If your garden has a water feature, at some point you may encounter aquatic invertebrates. A common example is the mosquito, very undesirable and needs to be eliminated. A strain of BT (Bacillus thuringiensis) will kill mosquitoes without harming any other life forms (except some gnats, which I don’t think anyone will be sad about – except maybe hummingbirds which eat them). Most other aquatic invertebrates are harmless or downright beneficial. For example, dragonflies live the first stages of their lives in water and are one of the best predators of mosquito larvae. When dragonflies emerge as flying adults they have a voracious appetite for adult flying mosquitoes – they also add beauty and color to the garden. Others, like caddisfly larvae or water beetles are not exactly beautiful in a conventional sense but have interesting lifestyles that are fun to observe and study.

Even if your garden does not include a water feature, there are ways that your garden can impact aquatic invertebrates. Water that runs off your garden and yard into a storm sewer is eventually released into natural bodies of water. If you can keep excess pesticides and fertilizer out of storm runoff you can help invertebrates to survive. Excess fertilizer harms invertebrates by causing algae blooms that reduce oxygen in the water and kill off more sensitive animals. Life forms higher up on the food chain such as fish and birds depend on a steady supply of invertebrates for food.

If your property is adjacent to a body of water, you can further aid the water quality by implementing a riparian corridor or creek corridor vegetative buffer. Such a corridor does many things for water quality, including temperature regulation. By cooling the water, streamside vegetation helps maintain higher oxygen levels in the water.

Backyard wildlife increases my enjoyment of the outdoors and my garden. If you feel the same way, an appreciation for small but vital water animals can be rewarding!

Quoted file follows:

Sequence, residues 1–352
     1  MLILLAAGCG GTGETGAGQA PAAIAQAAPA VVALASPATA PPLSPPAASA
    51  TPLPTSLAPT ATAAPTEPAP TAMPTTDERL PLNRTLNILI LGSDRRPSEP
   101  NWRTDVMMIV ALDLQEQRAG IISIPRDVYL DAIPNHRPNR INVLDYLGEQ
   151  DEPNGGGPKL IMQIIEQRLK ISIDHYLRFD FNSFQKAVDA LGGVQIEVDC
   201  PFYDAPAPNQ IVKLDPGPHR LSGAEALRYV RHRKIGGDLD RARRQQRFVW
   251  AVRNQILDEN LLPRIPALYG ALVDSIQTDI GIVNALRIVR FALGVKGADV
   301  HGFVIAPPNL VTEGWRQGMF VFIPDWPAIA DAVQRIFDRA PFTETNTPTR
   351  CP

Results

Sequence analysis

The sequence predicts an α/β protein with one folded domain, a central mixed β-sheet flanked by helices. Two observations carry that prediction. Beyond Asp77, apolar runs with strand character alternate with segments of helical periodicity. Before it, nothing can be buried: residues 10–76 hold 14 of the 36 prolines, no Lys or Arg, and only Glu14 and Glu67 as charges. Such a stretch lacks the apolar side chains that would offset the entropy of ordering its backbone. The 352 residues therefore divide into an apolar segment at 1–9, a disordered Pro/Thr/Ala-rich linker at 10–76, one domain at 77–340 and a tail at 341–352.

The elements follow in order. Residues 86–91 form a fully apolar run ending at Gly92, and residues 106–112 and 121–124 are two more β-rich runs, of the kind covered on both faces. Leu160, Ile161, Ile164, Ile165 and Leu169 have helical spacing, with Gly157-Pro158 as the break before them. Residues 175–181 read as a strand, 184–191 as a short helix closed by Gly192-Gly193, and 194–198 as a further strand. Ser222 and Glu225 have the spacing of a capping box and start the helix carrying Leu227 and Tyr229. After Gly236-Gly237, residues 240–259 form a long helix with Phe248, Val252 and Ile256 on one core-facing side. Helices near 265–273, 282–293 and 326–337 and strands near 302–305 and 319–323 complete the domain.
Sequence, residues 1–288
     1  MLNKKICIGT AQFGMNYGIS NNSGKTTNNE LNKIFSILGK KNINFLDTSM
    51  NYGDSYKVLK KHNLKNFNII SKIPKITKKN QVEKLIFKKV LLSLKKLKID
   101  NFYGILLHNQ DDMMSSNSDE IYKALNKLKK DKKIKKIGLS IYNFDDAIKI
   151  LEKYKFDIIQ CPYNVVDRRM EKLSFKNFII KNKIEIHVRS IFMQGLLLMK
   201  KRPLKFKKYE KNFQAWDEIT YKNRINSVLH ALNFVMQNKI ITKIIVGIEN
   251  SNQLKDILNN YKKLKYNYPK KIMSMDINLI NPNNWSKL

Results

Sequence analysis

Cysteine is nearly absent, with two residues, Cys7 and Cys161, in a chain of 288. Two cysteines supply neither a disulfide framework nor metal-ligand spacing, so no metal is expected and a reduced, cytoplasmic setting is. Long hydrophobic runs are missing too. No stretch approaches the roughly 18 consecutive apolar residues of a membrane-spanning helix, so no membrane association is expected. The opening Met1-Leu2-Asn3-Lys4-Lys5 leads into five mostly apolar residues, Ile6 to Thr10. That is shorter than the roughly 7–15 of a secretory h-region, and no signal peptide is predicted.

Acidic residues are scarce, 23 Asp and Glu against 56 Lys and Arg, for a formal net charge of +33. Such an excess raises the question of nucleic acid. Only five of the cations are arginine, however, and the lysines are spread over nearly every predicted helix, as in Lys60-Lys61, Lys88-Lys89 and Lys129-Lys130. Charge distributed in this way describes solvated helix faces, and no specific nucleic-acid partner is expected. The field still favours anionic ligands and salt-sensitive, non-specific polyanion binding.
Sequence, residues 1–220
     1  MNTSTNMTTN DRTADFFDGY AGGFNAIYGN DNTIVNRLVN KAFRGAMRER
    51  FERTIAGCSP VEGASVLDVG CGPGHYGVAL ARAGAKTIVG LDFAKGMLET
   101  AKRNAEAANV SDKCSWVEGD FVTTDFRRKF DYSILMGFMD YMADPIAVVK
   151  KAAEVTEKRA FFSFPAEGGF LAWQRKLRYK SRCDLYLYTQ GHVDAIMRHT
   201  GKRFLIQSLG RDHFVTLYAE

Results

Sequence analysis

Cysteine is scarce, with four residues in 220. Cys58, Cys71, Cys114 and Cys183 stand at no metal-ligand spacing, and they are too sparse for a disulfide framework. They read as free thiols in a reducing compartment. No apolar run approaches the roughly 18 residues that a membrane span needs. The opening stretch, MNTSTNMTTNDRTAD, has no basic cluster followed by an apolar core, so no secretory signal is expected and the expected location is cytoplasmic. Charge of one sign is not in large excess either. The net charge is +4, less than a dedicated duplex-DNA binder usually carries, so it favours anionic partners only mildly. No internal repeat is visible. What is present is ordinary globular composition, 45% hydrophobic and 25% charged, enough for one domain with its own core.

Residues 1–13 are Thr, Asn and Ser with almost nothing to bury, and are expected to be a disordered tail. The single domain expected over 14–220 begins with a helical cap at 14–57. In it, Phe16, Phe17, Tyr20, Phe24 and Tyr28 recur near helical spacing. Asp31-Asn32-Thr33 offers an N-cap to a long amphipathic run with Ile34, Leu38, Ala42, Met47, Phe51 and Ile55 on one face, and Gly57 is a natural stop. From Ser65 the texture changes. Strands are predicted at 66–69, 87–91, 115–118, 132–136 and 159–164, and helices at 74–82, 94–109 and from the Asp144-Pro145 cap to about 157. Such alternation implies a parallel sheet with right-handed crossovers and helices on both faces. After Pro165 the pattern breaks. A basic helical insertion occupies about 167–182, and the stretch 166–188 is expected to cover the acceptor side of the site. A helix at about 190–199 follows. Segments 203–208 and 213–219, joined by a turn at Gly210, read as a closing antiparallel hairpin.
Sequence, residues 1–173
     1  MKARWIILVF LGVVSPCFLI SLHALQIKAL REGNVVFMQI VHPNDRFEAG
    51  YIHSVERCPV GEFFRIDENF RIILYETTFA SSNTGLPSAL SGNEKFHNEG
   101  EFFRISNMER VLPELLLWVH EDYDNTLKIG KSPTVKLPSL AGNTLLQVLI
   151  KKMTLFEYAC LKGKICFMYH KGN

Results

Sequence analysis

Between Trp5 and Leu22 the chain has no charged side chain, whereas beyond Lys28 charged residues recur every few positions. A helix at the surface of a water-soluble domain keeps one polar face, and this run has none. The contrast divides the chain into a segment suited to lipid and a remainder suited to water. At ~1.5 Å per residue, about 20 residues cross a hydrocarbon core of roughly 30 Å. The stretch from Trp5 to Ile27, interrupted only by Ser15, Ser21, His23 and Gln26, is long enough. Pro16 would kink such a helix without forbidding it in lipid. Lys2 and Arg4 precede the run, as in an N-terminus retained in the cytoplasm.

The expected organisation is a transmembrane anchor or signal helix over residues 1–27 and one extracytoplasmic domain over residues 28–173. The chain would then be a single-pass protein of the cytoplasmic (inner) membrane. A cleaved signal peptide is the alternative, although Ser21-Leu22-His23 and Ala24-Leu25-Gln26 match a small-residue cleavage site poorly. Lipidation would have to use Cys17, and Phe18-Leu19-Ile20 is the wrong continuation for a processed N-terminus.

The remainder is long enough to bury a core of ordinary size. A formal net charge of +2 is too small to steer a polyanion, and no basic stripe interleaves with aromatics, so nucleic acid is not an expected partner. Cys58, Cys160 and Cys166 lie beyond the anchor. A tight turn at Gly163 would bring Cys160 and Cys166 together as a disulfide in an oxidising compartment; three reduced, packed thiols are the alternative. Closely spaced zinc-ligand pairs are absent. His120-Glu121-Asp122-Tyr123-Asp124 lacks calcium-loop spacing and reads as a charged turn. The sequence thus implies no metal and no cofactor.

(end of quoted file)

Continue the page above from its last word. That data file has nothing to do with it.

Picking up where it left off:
By Carolyn Hasenfratz Winkelmann

Carolyn was raised in a DIY household. From an early age she was encouraged to try everything from baking to soldering. These days she enjoys paper crafts, mixed media crafts, sewing, ceramics, mosaics, gardening, making things out of wood, home decor projects and upcycling found items into useable and decorative objects.

In the past Carolyn has worked in the retail, web design, and marketing fields. She now works part time at Schnarr's as a cashier, helps with the store's marketing efforts, writes her own blog and craft tutorials, and teaches craft classes. Carolyn’s father introduced her to hardware stores, his tools, and the “stuff stash” that every DIYer collects. It’s no surprise that time spent at Schnarr’s makes her giddy in the presence of things you can use to create! She still loves working on projects with her Dad and it's a treat to make a joint trip to the hardware store!

Carolyn is excited for the opportunity to help Schnarr's customers enrich their lives with creative and fun projects. She wants as many people as possible to experience the joy that DIY projects have brought to her life.

Other places to share Carolyn’s passion for creating:

Carolyn Hasenfratz Design Blog - http://www.chasenfratz.com/wp/

Carolyn's Stamp Store - http://www.carolynsstampstore.com/catalog/index.php

Carolyn's Pinterest Boards - https://www.pinterest.com/chasenfratz/